I asked a German management team recently what competences and behaviours we need for working internationally. The first thing they came up with was competence in foreign languages. But what does this mean?

For them, it meant having an operational level in English. Certainly English is the dominant international language today and is likely to remain so for a while. But is this enough? I think that to be linguistically well-equipped, today’s global citizens need not just their native language and English but another ‘global language’ as well.

A global language is one spoken by lots of people. Google the ten most spoken languages and more or less the same ones come up each time. In addition to English, there is usually Mandarin, Spanish, Arabic, Hindi, Bengali, Portuguese, Russian, French and Urdu, with German, Japanese and Indonesian hanging in there too – take your pick. Any one of them will enable you to do business or simply chat with anything between 150 million and a billion or more people.

There is another dimension to language competence, however, whose effectiveness I learnt from a French banker who audits branch offices worldwide. “Make the effort to learn 15 words and phrases of the local language wherever you go,” he told me, “and it will open doors, help you build relationships, and change your status from tourist to respected visitor.” He has done this in a dozen languages and has gained benefits both professionally and personally as a result.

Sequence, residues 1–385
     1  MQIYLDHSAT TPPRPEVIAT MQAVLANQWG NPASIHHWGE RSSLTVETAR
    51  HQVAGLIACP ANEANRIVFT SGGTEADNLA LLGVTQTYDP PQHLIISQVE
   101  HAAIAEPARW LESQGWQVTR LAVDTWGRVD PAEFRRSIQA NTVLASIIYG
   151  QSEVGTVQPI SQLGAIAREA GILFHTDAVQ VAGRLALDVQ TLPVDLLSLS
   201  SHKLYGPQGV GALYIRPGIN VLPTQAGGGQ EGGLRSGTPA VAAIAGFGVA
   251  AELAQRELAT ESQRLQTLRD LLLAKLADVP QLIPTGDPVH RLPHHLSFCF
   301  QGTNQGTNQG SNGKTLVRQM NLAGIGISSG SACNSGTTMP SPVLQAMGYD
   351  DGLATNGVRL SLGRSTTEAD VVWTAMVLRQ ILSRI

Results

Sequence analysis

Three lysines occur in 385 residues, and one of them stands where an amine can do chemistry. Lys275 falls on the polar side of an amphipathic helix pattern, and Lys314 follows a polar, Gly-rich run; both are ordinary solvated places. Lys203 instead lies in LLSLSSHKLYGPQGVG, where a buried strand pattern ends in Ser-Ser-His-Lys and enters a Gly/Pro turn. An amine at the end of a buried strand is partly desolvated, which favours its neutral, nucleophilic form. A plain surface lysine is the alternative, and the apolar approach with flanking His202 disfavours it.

So next time you go to a new country, try memorising the local words for: Thank you, Yes, No, Hello, Goodbye, Excuse me, I’m sorry, How are you?, How much is it?, What is this?, Where is … ?, Can I have the bill, please?, Toilet, Station, and a few others, and enjoy a qualitatively different travel experience.

Like so many lazy anglophones, I’m a poor language learner though my French is not too bad and I know quite a few translations of ‘beer’. I do find memorising 15 words in a new language hard although on a recent trip to Japan, I tried visual association. The Japanese for thank you is ‘arigatou’; and my mental image was of a British prince, Harry – ‘ari’ with a French cake – ‘gateau’ on his head. It worked every time. It’s added a whole new surreal and fun dimension to my language learning.

Steve Flinders is a freelance trainer, writer and coach, based in Malta, who helps people develop their communication and leadership skills for working internationally: steveflind@aol.com.

Disclaimer: The views and opinions expressed in this column are those of the author and do not necessarily reflect the official policy or position of Discover Benelux.

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